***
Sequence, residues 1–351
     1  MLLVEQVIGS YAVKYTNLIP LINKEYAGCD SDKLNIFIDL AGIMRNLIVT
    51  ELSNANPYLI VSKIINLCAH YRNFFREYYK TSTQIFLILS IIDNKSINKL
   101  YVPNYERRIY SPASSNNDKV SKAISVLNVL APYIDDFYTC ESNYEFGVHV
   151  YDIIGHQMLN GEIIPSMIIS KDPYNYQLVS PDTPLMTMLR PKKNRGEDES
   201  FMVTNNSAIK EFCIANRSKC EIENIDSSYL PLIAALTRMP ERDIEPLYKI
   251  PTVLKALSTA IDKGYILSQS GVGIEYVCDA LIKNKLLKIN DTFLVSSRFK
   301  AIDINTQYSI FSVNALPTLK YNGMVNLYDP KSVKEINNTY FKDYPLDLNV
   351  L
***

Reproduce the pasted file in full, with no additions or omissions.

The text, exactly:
Sequence, residues 1–351
     1  MLLVEQVIGS YAVKYTNLIP LINKEYAGCD SDKLNIFIDL AGIMRNLIVT
    51  ELSNANPYLI VSKIINLCAH YRNFFREYYK TSTQIFLILS IIDNKSINKL
   101  YVPNYERRIY SPASSNNDKV SKAISVLNVL APYIDDFYTC ESNYEFGVHV
   151  YDIIGHQMLN GEIIPSMIIS KDPYNYQLVS PDTPLMTMLR PKKNRGEDES
   201  FMVTNNSAIK EFCIANRSKC EIENIDSSYL PLIAALTRMP ERDIEPLYKI
   251  PTVLKALSTA IDKGYILSQS GVGIEYVCDA LIKNKLLKIN DTFLVSSRFK
   301  AIDINTQYSI FSVNALPTLK YNGMVNLYDP KSVKEINNTY FKDYPLDLNV
   351  L